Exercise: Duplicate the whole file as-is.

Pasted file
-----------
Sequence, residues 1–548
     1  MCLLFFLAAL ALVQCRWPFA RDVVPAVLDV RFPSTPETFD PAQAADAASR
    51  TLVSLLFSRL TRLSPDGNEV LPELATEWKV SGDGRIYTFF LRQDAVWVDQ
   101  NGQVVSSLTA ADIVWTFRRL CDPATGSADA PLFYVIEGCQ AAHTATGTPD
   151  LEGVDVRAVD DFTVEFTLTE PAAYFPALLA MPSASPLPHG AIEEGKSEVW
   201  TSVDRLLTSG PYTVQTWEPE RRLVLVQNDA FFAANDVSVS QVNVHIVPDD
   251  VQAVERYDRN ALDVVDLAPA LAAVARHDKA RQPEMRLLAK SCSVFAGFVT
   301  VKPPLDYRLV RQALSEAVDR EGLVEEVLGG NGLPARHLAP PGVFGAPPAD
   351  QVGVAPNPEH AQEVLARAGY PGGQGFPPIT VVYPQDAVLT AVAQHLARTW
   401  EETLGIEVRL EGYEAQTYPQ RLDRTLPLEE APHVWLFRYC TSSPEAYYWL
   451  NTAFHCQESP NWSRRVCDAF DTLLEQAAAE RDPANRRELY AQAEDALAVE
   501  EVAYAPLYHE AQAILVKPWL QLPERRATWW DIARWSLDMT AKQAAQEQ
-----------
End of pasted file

Sequence, residues 1–548
     1  MCLLFFLAAL ALVQCRWPFA RDVVPAVLDV RFPSTPETFD PAQAADAASR
    51  TLVSLLFSRL TRLSPDGNEV LPELATEWKV SGDGRIYTFF LRQDAVWVDQ
   101  NGQVVSSLTA ADIVWTFRRL CDPATGSADA PLFYVIEGCQ AAHTATGTPD
   151  LEGVDVRAVD DFTVEFTLTE PAAYFPALLA MPSASPLPHG AIEEGKSEVW
   201  TSVDRLLTSG PYTVQTWEPE RRLVLVQNDA FFAANDVSVS QVNVHIVPDD
   251  VQAVERYDRN ALDVVDLAPA LAAVARHDKA RQPEMRLLAK SCSVFAGFVT
   301  VKPPLDYRLV RQALSEAVDR EGLVEEVLGG NGLPARHLAP PGVFGAPPAD
   351  QVGVAPNPEH AQEVLARAGY PGGQGFPPIT VVYPQDAVLT AVAQHLARTW
   401  EETLGIEVRL EGYEAQTYPQ RLDRTLPLEE APHVWLFRYC TSSPEAYYWL
   451  NTAFHCQESP NWSRRVCDAF DTLLEQAAAE RDPANRRELY AQAEDALAVE
   501  EVAYAPLYHE AQAILVKPWL QLPERRATWW DIARWSLDMT AKQAAQEQ